As of late, there has been a growing awareness and concern regarding the distribution of tips and service charges in various industries, especially within the hospitality sector. To address these concerns and ensure fair and transparent practices, new legislation and an updated Code of Practice have been introduced. As a company who feels that giving and receiving tips should be easy and straightforward for everyone, we want to break down what this ground-breaking news means for our industry.
The issue of how tips and service charges are distributed to employees has long been a matter of contention. Many workers, particularly those in the service industry, often rely on these earnings as a significant part of their income. However, there have been instances where employers have not been transparent about how these funds are managed, leading to a lack of clarity and trust between employers and employees. To learn more about the Code of Practice, see our blog here.
The New Legislation
In response to these concerns, the UK government has introduced new legislation aimed at ensuring fair and transparent practices in the distribution of tips and service charges. The legislation, which is now due to come into play on the 1st of July, (rather than the original date of the 1st of April), applies to all employers who collect tips and service charges, including those in the hospitality, restaurant, and service sectors.
Key highlights of the legislation include:
Transparency: Employers are now required to clearly inform both customers and staff about how tips and service charges are distributed. It is law that an employer must pass on 100% to the team members, no later than the month in which they have been received. And the employees must be fully aware of the proposed distribution method for TRONC. It is not law but recommended that businesses share these practices with their customers.
Updated Code of Practice: Alongside the legislation, an updated Code of Practice on Fair and Transparent Distribution of Tips has been published. This code provides detailed guidance for employers on how to comply with the new regulations. There’s a separate blog on that in our blog page where we go into more detail on our take on the new code of practice.
Protection of Tips: Employers are prohibited from making deductions from tips, except for those required by law (e.g., taxes). Tips should go directly to the staff who provided the service.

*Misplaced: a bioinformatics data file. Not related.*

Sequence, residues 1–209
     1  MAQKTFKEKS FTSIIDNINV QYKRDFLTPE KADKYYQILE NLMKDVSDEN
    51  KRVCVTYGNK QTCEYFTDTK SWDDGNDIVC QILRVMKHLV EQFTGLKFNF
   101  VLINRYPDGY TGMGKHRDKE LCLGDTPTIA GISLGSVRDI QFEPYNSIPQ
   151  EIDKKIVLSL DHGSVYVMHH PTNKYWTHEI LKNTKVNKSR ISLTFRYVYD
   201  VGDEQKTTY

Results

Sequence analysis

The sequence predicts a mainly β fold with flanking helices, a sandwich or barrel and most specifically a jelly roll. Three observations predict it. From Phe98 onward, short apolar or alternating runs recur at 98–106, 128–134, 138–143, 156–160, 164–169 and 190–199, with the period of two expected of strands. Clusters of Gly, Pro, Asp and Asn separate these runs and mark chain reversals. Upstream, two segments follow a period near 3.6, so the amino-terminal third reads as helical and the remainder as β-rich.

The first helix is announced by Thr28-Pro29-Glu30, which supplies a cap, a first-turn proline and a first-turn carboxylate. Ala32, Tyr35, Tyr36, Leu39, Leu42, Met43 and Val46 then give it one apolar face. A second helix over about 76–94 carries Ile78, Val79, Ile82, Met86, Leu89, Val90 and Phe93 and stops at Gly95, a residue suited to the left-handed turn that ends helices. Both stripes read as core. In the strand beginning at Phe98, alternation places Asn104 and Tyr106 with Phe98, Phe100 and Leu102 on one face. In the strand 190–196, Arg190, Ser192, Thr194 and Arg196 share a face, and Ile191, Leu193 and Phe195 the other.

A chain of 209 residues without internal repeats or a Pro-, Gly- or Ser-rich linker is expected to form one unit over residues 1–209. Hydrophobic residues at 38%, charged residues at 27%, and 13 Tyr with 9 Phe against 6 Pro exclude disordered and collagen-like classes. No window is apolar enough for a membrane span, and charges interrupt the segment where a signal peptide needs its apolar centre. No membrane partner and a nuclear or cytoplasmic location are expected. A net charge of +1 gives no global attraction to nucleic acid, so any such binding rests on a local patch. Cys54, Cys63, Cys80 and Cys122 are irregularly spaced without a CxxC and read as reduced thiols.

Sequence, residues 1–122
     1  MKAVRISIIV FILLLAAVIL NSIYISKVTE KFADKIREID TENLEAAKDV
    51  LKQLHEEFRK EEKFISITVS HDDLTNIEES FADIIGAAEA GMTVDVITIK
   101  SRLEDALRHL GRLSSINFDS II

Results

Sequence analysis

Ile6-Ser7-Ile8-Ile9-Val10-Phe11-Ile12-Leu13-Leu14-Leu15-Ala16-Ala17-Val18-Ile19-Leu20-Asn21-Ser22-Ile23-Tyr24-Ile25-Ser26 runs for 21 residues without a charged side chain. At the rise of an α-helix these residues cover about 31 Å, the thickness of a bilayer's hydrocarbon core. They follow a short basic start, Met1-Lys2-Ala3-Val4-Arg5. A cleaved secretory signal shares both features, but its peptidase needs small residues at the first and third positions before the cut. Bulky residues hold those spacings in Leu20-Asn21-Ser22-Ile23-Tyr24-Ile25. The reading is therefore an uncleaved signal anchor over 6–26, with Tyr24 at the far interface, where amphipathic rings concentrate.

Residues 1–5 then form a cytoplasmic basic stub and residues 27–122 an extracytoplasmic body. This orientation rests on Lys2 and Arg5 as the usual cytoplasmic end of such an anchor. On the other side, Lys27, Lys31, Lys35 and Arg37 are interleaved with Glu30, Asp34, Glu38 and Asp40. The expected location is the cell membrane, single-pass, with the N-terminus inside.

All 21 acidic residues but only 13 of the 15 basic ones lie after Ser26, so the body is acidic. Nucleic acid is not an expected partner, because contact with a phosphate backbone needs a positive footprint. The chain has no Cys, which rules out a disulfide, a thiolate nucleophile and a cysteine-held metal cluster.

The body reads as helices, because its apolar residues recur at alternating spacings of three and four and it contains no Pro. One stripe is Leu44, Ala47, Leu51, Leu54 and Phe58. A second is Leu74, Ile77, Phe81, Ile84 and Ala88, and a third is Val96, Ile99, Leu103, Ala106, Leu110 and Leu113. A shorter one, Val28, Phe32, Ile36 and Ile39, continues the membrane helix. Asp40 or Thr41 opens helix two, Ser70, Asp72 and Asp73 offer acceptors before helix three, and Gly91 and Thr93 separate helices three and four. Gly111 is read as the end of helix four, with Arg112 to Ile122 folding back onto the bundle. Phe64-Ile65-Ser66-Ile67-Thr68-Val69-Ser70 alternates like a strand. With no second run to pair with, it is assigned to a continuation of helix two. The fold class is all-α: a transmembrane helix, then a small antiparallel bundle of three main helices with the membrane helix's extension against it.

Key Aspects of the Updated Code of Practice:
The Code of Practice emphasises several crucial points to ensure fair and transparent distribution of tips:
Clear Communication: Employers are encouraged to communicate openly with both customers and staff regarding their tipping policy, including any deductions or handling fees.
Fair Allocation: Tips should be fairly distributed among staff who directly contribute to the customer experience. This includes front-of-house and back-of-house employees.
Review and Transparency: Employers are advised to conduct regular reviews of their tipping policy to ensure it remains fair and up-to-date. Transparency in the review process is essential.
Protection of Staff Rights: Employers should respect the rights of staff to decide whether they want to participate in any tipping arrangement.
Implications and Benefits
The introduction of this legislation and the updated Code of Practice are significant steps toward ensuring that employees receive their fair share of tips and service charges. It not only promotes transparency but also enhances trust between employers and their staff.
For customers, this means that when they leave a tip, they can be more confident that it will go directly to the hardworking individuals who provided them with excellent service.
Points To Take Away
So, as we can see, the new legislation and the updated Code of Practice on Fair and Transparent Distribution of Tips represent a positive shift towards fairer practices in the distribution of tips and service charges. It is a significant milestone in protecting the rights of employees in the service industry and ensuring that their hard work is appropriately rewarded. Both employers and customers are encouraged to familiarise themselves with these regulations to contribute to a more transparent and equitable tipping system.